The first year of the Winterthur/University of Delaware Program in Art Conservation (WUDPAC) begins with a block on Preventive Conservation taught by Dr. Joelle Wickens. This specialty addresses an object’s environment and aims to prevent or reduce degradation of entire collections and therefore is a fitting introduction to our graduate program. Preventive conservation is relevant to all conservation specialties. The concepts discussed are crucial to an ethical understanding of interventive treatment approaches. What began as a preventive conservation project became a valuable lesson in fully understanding the historical context of the objects we conserve and not just their physical characteristics.
One of my projects in the class began as a straightforward re-housing assignment—creating a protective box for an object in the Winterthur Library—but quickly evolved into interesting discussions about more than just the object and its materials, pushing me to think more deeply about my work as a conservation graduate student.
The object I chose to re-house is a double-sided, pin-backed George Washington ribbon and button, consisting of a silk ribbon and a metal-backed celluloid button. I was immediately drawn to this object because of my previous experience with Washington-related artifacts as well as a desire to work with a variety of materials. The ribbon was in need of a better housing to safely display the fragile components. After a discussion with Laura Parrish, librarian in the Joseph Downs Collection of Manuscripts and Printed Ephemera, to which the ribbon belongs, we determined that the ideal housing would be minimal in size and would display the “In Memoriam” side. Laura generously offered to help research the cultural context of the ribbon, such as who would have worn such a ribbon and why. Our joint research and the entire project, in fact, proved to be an invaluable experience in approaching and discussing complex artifacts.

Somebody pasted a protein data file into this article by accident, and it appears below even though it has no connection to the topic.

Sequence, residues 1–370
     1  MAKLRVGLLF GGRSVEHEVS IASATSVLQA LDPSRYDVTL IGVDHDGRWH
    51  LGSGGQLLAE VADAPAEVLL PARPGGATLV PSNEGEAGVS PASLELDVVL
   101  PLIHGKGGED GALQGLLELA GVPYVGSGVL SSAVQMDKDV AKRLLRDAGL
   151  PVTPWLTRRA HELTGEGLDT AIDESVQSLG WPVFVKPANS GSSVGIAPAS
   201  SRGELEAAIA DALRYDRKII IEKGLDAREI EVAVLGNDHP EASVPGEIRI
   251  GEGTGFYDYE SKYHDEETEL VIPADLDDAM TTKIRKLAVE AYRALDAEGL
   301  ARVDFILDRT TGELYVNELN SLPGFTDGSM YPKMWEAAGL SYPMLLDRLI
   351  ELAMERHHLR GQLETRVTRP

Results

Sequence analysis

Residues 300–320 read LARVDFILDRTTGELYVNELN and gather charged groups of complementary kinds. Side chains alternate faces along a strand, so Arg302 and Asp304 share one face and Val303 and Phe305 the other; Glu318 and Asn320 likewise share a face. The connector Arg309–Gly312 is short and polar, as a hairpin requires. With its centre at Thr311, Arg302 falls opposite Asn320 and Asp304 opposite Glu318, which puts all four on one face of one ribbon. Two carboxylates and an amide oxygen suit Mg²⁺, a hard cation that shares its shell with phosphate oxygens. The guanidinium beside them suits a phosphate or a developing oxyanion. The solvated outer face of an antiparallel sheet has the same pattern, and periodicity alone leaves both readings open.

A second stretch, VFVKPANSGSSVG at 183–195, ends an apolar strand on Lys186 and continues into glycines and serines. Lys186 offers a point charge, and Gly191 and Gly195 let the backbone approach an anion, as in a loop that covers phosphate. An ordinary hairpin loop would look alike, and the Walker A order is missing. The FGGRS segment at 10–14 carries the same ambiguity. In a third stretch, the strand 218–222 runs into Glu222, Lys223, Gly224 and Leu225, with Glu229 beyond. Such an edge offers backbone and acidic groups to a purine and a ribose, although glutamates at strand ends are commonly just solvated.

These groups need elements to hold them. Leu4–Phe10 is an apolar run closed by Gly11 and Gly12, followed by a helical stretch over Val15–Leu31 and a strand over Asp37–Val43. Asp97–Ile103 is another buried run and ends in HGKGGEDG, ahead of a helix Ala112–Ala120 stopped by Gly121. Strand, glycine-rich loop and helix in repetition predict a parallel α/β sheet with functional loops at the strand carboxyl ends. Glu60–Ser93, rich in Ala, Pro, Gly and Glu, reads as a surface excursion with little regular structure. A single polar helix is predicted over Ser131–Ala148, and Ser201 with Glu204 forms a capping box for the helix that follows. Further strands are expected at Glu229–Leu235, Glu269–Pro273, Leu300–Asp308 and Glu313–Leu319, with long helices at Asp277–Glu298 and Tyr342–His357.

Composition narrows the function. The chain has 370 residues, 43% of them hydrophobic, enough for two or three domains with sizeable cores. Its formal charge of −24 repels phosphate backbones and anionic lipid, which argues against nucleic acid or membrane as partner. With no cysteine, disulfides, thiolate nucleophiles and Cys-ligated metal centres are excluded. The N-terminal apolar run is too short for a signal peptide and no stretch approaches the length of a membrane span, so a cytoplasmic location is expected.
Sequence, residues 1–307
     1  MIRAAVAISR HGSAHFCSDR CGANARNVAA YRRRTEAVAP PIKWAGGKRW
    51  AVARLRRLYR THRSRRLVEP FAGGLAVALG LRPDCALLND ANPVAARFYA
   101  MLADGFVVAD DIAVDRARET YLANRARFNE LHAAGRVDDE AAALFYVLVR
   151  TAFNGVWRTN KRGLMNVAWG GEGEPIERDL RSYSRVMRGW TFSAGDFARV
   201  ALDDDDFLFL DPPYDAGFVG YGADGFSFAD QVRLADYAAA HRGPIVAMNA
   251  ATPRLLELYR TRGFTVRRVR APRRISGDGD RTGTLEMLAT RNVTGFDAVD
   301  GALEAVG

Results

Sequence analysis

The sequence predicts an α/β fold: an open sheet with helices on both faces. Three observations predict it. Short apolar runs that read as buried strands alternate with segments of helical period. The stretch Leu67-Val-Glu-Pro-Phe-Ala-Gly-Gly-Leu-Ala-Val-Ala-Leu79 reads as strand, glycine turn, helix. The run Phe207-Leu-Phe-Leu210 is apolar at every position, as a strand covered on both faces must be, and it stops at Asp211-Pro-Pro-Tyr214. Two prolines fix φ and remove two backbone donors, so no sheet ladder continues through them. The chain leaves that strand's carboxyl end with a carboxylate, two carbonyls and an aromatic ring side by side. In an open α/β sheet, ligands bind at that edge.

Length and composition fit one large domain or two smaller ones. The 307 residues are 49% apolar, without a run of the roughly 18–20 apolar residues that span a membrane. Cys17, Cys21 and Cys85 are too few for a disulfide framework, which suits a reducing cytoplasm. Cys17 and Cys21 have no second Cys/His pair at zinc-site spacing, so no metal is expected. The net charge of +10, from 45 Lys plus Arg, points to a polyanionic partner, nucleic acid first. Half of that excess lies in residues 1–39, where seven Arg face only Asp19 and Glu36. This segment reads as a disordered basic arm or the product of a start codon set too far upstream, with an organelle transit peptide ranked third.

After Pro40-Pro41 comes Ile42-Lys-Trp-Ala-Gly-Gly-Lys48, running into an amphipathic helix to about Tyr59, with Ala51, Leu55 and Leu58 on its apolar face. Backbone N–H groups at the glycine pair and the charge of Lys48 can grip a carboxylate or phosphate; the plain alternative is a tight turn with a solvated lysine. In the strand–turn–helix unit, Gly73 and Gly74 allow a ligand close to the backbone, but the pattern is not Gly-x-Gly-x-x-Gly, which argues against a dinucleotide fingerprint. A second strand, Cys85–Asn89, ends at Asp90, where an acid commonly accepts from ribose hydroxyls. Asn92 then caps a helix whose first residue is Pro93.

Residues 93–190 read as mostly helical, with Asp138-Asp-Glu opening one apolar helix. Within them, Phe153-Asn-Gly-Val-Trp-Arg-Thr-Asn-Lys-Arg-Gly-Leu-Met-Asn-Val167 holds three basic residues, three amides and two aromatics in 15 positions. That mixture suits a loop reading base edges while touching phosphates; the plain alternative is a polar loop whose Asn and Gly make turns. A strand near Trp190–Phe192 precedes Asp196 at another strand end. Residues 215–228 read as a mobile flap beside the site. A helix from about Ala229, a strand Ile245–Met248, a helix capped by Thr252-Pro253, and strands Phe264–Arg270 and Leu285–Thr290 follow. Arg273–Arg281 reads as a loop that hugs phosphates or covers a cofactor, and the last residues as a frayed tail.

My new housing for the ribbon consisted of a modified sink mat with front and back covers so that both sides could be accessed, with the pin nestled into a protective foam-lined insert. A piece of Mylar was placed behind the ribbon to support it between the mat boards while providing verso visibility.
The materials used to create the sink mount were carefully chosen so as not to interact with the materials of the ribbon and button. As mentioned, silk and metal-backed celluloid were identified as the primary materials of the object, both through visual examination and by researching the manufacturer. An inscription on the verso of the button tells us it was made by Whitehead & Hoag, the largest advertising novelty manufacturer in the 1890s through the 1910s and the first company to produce pin-back buttons (Gold 1987). The company’s patent history confirms silk and celluloid were the primary materials used. My housing therefore included a rare earth magnet (the strongest type of permanent magnets) to hold in place the metal-backed celluloid button and sink cutouts in the acid-free, buffered mat board that were lined with acid-free Tyvek to prevent dye-bleed from the silk.